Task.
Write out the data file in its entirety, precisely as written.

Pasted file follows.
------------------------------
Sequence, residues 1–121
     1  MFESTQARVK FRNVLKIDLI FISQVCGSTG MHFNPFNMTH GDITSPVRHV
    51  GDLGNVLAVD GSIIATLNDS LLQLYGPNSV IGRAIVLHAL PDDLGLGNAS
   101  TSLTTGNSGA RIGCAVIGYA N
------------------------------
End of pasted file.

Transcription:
Sequence, residues 1–121
     1  MFESTQARVK FRNVLKIDLI FISQVCGSTG MHFNPFNMTH GDITSPVRHV
    51  GDLGNVLAVD GSIIATLNDS LLQLYGPNSV IGRAIVLHAL PDDLGLGNAS
   101  TSLTTGNSGA RIGCAVIGYA N